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Fences by August WilsonA Pulitzer Prize winner. Garbage collector Troy Maxson clashes with his son over an athletic scholarship.
Gem of the Ocean by August Wilson"No one except perhaps Eugene O'Neill and Tennessee Williams has aimed so high and achieved so much in the American theater."--John Lahr, The New Yorker "A swelling battle hymn of transporting beauty. Theatergoers who have followed August Wilson's career will find in Gem a touchstone for everything else he has written."--Ben Brantley, The New York Times "Wilson's juiciest material. The play holds the stage and its characters hammer home, strongly, the notion of newfound freedom."--Michael Phillips, Chicago Tribune Gem of the Ocean is the play that begins it all. Set in 1904 Pittsburgh, it is chronologically the first work in August Wilson's decade-by-decade cycle dramatizing the African American experience during the 20th century--an unprecedented series that includes the Pulitzer Prize-winning plays Fences and The Piano Lesson. Aunt Esther, the drama's 287-year-old fiery matriarch, welcomes into her Hill District home Solly Two Kings, who was born into slavery and scouted for the Union Army, and Citizen Barlow, a young man from Alabama searching for a new life. Gem of the Ocean recently played across the country and on Broadway, with Phylicia Rashad as Aunt Esther. Earlier in 2005, on the completion of the final work of his ten play cycle-surely the most ambitious American dramatic project undertaken in our history-August Wilson disclosed his bout with cancer, an illness of unusual ferocity that would eventually claim his life on October 2. Fittingly the Broadway theatre where his last play will be produced in 2006 has been renamed the August Wilson Theater in his honor. His legacy will animate the theatre and stir the human heart for decades to come.
Jitney by August WilsonUrban renewal threatens the dingy office of Becker's gypsy cab company, just as his estranged son returns.
Radio Golf by August Wilson"The concluding work in one of the most ambitious dramatic projects ever undertaken . . . a play that could well be Mr. Wilson's most provocative."--Ben Brantley, The New York Times "Radio Golf is a rich, carefully wrought human tapestry that is colorful, playful, thoughtful and compelling."--Ed Kaufman, The Hollywood Reporter Radio Golf is August Wilson's final play. Set in 1990 Pittsburgh, it is the conclusion of his Century Cycle--Wilson's ten-play chronicle of the African American experience throughout the twentieth century--and is the last play he completed before his death. With Radio Golf Wilson's lifework comes full circle as Aunt Ester's onetime home at 1839 Wylie Avenue (the setting of the cycle's first play) is slated for demolition to make way for a slick new real estate venture aimed to boost both the depressed Hill District and Harmond Wilks' chance of becoming the city's first black mayor. A play in which history, memory, and legacy challenge notions of progress and country club ideals, Radio Golf has been produced throughout the country and will come to Broadway this season. August Wilson's plays include Gem of the Ocean, Joe Turner's Come and Gone, Ma Rainey's Black Bottom, The Piano Lesson, Seven Guitars, Fences, Two Trains Running, Jitney, King Hedley II, and Radio Golf. They have been produced at theaters across the country, on Broadway, and throughout the world.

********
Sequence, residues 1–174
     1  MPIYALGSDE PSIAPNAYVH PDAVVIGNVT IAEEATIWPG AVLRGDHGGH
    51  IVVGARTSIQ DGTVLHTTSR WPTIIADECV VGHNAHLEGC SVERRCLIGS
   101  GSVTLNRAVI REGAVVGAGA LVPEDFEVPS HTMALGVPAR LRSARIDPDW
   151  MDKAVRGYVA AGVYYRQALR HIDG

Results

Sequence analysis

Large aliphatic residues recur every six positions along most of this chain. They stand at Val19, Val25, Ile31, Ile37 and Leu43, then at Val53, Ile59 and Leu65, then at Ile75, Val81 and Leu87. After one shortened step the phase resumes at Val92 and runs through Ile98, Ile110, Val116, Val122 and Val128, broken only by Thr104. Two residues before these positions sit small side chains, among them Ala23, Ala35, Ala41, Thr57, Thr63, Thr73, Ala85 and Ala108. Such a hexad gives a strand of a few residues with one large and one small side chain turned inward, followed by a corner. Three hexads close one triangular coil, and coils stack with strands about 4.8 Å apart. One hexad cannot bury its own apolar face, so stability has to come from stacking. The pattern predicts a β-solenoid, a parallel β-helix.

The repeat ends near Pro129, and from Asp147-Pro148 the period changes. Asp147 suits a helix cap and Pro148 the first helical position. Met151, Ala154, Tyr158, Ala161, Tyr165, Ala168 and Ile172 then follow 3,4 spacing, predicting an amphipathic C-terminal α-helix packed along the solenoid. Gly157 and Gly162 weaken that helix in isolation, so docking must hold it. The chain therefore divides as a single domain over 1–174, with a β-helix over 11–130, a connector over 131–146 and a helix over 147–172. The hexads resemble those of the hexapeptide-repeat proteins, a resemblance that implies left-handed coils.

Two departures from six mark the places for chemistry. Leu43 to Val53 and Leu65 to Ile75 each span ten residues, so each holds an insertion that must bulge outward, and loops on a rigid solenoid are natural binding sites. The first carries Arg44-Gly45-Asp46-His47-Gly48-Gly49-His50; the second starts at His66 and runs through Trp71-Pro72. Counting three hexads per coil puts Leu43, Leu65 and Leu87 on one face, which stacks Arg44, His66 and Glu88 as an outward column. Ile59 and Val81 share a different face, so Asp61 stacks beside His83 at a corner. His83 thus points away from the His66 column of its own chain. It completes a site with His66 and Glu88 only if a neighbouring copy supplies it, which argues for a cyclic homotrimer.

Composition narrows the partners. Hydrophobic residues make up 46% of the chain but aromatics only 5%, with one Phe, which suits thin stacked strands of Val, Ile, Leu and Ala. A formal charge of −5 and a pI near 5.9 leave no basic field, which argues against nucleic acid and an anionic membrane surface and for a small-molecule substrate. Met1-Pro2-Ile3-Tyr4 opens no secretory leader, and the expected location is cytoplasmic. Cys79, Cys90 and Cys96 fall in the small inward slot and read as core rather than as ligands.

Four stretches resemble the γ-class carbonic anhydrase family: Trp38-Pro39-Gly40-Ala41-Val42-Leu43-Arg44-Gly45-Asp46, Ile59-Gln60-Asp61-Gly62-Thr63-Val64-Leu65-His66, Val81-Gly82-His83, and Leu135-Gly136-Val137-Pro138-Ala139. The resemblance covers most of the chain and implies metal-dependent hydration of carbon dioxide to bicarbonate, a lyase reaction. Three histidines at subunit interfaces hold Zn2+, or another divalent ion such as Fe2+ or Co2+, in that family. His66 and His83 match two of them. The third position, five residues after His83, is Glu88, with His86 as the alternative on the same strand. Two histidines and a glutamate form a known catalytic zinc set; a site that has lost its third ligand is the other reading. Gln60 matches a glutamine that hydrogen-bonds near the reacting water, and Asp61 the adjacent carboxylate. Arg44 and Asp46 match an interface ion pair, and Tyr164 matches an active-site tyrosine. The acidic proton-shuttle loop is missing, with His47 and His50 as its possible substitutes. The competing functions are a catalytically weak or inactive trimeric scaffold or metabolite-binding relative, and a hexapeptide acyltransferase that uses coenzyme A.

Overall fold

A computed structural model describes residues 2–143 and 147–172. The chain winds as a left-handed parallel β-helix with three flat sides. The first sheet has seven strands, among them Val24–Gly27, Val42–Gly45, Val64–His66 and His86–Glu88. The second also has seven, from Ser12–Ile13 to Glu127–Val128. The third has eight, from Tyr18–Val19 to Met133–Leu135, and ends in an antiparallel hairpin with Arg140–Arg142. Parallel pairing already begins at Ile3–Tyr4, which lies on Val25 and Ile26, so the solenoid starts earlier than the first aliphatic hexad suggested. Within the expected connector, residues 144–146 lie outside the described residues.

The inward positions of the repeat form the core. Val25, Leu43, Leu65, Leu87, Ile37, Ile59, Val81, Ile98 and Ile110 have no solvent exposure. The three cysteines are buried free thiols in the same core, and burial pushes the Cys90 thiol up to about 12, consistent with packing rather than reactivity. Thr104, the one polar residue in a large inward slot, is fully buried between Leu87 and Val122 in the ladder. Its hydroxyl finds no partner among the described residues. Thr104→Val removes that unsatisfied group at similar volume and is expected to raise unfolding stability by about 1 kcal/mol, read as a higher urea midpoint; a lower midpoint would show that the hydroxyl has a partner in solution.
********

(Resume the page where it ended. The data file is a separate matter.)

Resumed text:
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"She Make You Right with Yourself": Aunt Ester, Masculine Loss and Cultural Redemption in August Wilson's Cycle Plays.August Wilson proclaimed the centuries old matriarch, Aunt Ester, his most significant character. Her presence incarnates a key Wilson idea: The need for African Americans to move forward into the future through embracing their past. This movement has been hindered by African Americans embracing European American values, particularly African American men, who have been hopelessly disenfranchised by European American definitions of masculinity that reward assimilation and result in the rejection of the African sensibilities that Wilson saw as essential to African American survival. Wilson's Decalogue documents repeatedly the need for African American men to reconnect with traditional, culturally rooted African sensibilities as they have been preserved by Aunt Ester. Ultimately, Aunt Ester must die to make way for a male redeemer whose presence symbolizes a restoration of this traditional African ethos in African American lives, a presence not yet existent, but one for which a glimmer of hope remains.